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Debt Limit to Qualify for Subchapter V and Chapter 13 Set to Revert This Summer

March 13, 2024

In 2022, Congress passed the Bankruptcy Threshold Adjustment and Technical Corrections Act (the “Act”), raising the debt limits for bankruptcy cases under the Small Business Reorganization Act (“SBRA,” a.k.a. “Subchapter V”) and under chapter 13. This made more debtors eligible for relief under these provisions of the Bankruptcy Code. Congress made the increases temporary, however. They will revert to lower values in a few months unless Congress extends them or makes them permanent. This significant change could affect the eligibility of businesses seeking bankruptcy protection and may create a surge in bankruptcy filings before the deadline.

One provision of the Act raised the debt limit for debtors to qualify under the SBRA to $7,500,000. Another simplified and increased the debt limit for chapter 13 filings to $2,750,000.[1] Both increases sunset on June 21, 2024.

When the SBRA was first enacted, the debt limit was $2,725,625. (This was the debt limit at the time under the Bankruptcy Code to qualify as a “small business debtor.”) Congress increased the SBRA debt limit to $7,500,000 several times—first by the CARES Act, then by the COVID-19 Bankruptcy Relief Act of 2021, and, most recently, by the Act. The CARES Act included a “sunset provision” that would cause the limit to revert back on a fixed date, and each subsequent enactment extended that sunset deadline.

The sunset date under the Act is June 21, 2024. On that date, the $7,500,000 SBRA debt limit will revert to the debt limit for small business debtors under the Bankruptcy Code. Since the SBRA was enacted, an automatic inflation adjustment under the Bankruptcy Code increased the small business debtor debt limit from $2,725,625 to $3,024,725. Thus, unless Congress acts to again extend the sunset provision (or make the $7,500,000 debt limit permanent), the SBRA debt limit will fall to $3,024,725 on June 21, 2024.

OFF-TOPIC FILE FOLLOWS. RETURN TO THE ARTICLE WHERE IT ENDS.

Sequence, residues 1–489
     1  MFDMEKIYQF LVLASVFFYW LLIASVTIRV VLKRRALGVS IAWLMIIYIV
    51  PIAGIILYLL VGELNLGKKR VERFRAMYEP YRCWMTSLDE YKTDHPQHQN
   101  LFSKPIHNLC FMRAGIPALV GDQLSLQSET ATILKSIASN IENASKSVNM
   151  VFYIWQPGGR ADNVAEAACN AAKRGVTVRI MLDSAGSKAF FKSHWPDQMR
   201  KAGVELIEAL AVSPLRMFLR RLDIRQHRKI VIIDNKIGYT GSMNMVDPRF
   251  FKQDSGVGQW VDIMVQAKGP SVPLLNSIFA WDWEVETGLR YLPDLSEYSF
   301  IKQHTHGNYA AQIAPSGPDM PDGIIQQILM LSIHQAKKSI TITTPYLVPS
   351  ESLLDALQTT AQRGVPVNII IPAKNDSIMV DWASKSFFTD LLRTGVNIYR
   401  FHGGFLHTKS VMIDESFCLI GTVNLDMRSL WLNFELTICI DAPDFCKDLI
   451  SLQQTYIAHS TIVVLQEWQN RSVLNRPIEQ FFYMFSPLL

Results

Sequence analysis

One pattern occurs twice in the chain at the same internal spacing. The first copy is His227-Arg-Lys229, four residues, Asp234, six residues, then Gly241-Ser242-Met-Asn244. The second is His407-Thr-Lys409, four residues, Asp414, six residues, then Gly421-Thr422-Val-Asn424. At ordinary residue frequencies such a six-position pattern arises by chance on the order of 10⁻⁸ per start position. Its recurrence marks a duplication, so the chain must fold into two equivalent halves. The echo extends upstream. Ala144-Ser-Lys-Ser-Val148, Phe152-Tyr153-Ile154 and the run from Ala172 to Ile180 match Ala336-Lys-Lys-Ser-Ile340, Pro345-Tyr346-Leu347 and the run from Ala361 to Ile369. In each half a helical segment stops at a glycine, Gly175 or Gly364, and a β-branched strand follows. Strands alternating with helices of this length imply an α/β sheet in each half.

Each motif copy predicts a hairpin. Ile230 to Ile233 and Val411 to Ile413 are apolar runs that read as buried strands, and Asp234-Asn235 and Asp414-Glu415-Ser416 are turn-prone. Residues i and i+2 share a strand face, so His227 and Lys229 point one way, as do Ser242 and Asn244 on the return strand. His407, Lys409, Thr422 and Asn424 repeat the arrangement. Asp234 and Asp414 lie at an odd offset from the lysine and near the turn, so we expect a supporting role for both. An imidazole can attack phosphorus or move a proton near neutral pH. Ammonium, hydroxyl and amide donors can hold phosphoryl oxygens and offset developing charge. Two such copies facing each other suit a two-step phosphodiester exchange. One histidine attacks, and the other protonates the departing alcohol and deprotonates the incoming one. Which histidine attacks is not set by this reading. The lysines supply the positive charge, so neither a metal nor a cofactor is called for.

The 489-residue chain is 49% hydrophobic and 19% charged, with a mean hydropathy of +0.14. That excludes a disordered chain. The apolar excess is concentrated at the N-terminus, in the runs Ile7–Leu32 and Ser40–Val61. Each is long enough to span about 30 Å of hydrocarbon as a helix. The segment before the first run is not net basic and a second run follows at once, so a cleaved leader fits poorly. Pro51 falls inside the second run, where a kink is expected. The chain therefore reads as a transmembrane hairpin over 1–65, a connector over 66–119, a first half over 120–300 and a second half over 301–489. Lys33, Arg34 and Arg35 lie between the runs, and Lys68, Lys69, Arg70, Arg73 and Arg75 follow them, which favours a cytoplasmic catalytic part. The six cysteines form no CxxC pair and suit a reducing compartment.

Similarly, the Act also raised the debt limit for chapter 13 bankruptcy filings. Prior to the Act, a debtor had to have unsecured debts totaling less than $465,275 and secured debts totaling less than $1,395,875 in order to file a chapter 13 bankruptcy case. The Act set a combined limit of $2,750,000. On June 21, 2024, the original limits will be reinstated.

Because the debt limit is usually evaluated as of the date of filing, if debtors do not believe that a Congressional “fix” is imminent, there may be a wave of SBRA and chapter 13 bankruptcy filings in early June as debtors seek to take advantage of the higher debt thresholds while they are still in effect.

Miller Canfield regularly assists clients in navigating the Bankruptcy Code and protecting their rights under it. Should you have any questions or need any assistance, please contact your Miller Canfield attorney or one of the authors of this alert.

[1] These are limits as to how much noncontingent, liquidated debt a debtor may have and still qualify to file for bankruptcy protection. Generally speaking, a “contingent” debt is one that requires some event to happen before it is owed (e.g., a warranty claim owed only if a covered part fails). “Noncontingent” debts are those that lack such a requirement. A “liquidated” debt is one where the amount is known or can be readily determined. (E.g., the amount owed at any moment under a loan may not be stated in the note, but can be quickly computed by reference to its terms.)